State lawmaker named Lipps wears his last name with a smile

By Jeremy Pelzer -

COLUMBUS (AP) — In the halls of the Ohio Statehouse, it’s usually not hard to guess which lawmaker is state Rep. Scott Lipps.

He’s the one wearing a large belt buckle shaped like a pair of red lips, often with a matching custom-made leather belt. He has lip-themed ties and shoes. He even has a tattoo of a pair of lips on his ankle.

To some, Lipps’ fashion may smack of being a bit tacky — or even crass, in the case of the belt buckle. But the first-term Republican from Warren County northeast of Cincinnati has two reasons for it: one political, the other personal.

During his campaigns — first for city council in Franklin, Ohio, then for mayor and state Legislature — Lipps said he’s worked to build up his last name into a brand that allows him to stand out from other candidates.

For down-ticket offices like his, he said, “people aren’t necessarily voting because they believe in your stance, or they believe in your ethics, or you were their mayor and you did a good job with their fire department. They’re actually voting at that point on who had the best sign that they read, or who had a lip balm.”

With that in mind, Lipps estimated he’s handed out to voters nearly 17,000 sticks of lip balm with his name on them. During his 2016 House campaign, he distributed about 750 shirts with nothing but a big pair of lips on them. Another 500 or so ties were given as thank-you gifts to supporters.

And Lipps says it’s worked. He’s run into people in the supermarket who don’t recognize his face but are wearing one of his campaign shirts.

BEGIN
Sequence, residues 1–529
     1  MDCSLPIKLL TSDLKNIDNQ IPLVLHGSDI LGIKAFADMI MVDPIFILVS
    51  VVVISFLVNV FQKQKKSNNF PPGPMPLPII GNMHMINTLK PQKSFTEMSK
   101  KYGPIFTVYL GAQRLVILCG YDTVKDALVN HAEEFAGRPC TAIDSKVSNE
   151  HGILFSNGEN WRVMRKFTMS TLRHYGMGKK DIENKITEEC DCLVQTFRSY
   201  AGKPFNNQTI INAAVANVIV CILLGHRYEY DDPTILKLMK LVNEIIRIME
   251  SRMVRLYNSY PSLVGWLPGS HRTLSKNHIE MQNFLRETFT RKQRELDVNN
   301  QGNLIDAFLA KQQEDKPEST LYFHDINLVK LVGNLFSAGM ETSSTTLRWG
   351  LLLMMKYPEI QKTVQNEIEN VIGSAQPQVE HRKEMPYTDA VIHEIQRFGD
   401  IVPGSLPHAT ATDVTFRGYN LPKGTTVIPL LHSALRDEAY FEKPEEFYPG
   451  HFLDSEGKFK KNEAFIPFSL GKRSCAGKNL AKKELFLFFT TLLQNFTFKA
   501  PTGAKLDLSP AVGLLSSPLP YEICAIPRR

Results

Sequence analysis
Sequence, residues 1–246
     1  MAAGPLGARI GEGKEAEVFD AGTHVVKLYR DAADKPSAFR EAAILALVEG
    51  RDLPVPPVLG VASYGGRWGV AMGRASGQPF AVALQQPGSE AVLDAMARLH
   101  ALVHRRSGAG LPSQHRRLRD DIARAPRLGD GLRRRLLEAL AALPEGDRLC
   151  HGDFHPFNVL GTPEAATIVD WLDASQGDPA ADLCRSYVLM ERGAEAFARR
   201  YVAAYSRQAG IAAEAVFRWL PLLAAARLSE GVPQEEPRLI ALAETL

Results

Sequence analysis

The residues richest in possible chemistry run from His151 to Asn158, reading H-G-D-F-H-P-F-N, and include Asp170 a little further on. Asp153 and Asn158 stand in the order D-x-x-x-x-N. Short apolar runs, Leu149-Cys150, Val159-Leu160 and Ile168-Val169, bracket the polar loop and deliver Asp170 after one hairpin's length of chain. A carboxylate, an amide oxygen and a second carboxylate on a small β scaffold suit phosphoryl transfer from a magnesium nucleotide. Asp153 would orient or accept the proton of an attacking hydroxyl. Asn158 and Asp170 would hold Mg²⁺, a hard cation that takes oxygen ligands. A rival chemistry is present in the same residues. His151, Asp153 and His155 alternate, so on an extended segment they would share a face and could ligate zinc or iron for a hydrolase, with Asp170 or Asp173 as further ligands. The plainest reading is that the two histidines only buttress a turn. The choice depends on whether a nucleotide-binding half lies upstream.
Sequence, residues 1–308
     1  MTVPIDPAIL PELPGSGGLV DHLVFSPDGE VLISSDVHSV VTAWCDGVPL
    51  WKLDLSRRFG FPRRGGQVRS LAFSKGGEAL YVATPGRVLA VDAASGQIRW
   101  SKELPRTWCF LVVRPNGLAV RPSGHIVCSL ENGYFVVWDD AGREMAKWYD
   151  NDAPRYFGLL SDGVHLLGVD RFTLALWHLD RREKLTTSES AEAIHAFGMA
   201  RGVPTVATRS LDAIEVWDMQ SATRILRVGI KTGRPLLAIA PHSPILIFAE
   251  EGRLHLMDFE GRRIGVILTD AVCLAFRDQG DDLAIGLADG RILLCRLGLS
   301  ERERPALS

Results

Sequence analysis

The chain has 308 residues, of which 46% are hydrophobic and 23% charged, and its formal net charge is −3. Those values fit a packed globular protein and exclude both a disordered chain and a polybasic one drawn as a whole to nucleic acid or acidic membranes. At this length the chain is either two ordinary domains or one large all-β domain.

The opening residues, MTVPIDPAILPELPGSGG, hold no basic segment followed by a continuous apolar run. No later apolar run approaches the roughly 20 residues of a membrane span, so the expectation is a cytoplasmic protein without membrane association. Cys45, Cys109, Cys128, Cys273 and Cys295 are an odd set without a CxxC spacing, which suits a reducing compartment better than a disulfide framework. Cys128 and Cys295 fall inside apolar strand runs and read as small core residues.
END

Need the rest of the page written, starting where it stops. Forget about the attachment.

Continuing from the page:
“The brand has become very popular, in terms of having a brand as a politician,” he said.

But Lipps has a need to boost the image of his last name that goes beyond political pragmatism.

In middle school, Lipps was bullied by classmates who found it easy to use his last name as a verbal weapon. What they called him is “probably not printable,” he said.

“I think that made me a little tougher. So I start playing with the name,” he said. “We kind of made a fun thing out of it.”

Lipps has two daughters, and he said his political branding helped them avoid a similar fate in school.

“We had to control the name and keep it positive in our community,” he said. “That way, our kids were never bullied or bothered with it.”

One side effect of his last name, though, has been that people have always given him lip-themed gifts — whether he wants them or not.

“People I don’t even know will come to my house and they’ll give me a chip clip — they buy them for a dollar, and it’s got a pair of lips on it. Now one of the things that’s uncomfortable is you want them to feel excited — they did that for you, they thought of you. Well, I probably have 150 of them,” he said.

By Jeremy Pelzer

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